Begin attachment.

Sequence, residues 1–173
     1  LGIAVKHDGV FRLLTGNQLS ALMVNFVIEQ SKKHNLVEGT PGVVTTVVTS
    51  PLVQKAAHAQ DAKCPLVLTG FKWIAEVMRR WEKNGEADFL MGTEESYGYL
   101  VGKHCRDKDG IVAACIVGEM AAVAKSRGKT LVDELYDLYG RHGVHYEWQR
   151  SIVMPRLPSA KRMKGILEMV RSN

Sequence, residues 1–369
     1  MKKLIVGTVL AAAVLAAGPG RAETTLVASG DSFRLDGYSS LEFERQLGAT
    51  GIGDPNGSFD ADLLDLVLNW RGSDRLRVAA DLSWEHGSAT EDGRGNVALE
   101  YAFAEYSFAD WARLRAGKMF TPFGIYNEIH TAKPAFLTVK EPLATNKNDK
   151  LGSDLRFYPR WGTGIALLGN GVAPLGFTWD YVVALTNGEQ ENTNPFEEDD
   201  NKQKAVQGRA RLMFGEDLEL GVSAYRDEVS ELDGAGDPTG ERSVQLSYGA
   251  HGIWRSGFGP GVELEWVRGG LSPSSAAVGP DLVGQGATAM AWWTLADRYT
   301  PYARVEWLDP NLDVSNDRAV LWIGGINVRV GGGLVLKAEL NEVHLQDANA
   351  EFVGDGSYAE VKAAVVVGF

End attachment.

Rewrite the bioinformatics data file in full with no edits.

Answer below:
Sequence, residues 1–173
     1  LGIAVKHDGV FRLLTGNQLS ALMVNFVIEQ SKKHNLVEGT PGVVTTVVTS
    51  PLVQKAAHAQ DAKCPLVLTG FKWIAEVMRR WEKNGEADFL MGTEESYGYL
   101  VGKHCRDKDG IVAACIVGEM AAVAKSRGKT LVDELYDLYG RHGVHYEWQR
   151  SIVMPRLPSA KRMKGILEMV RSN

Sequence, residues 1–369
     1  MKKLIVGTVL AAAVLAAGPG RAETTLVASG DSFRLDGYSS LEFERQLGAT
    51  GIGDPNGSFD ADLLDLVLNW RGSDRLRVAA DLSWEHGSAT EDGRGNVALE
   101  YAFAEYSFAD WARLRAGKMF TPFGIYNEIH TAKPAFLTVK EPLATNKNDK
   151  LGSDLRFYPR WGTGIALLGN GVAPLGFTWD YVVALTNGEQ ENTNPFEEDD
   201  NKQKAVQGRA RLMFGEDLEL GVSAYRDEVS ELDGAGDPTG ERSVQLSYGA
   251  HGIWRSGFGP GVELEWVRGG LSPSSAAVGP DLVGQGATAM AWWTLADRYT
   301  PYARVEWLDP NLDVSNDRAV LWIGGINVRV GGGLVLKAEL NEVHLQDANA
   351  EFVGDGSYAE VKAAVVVGF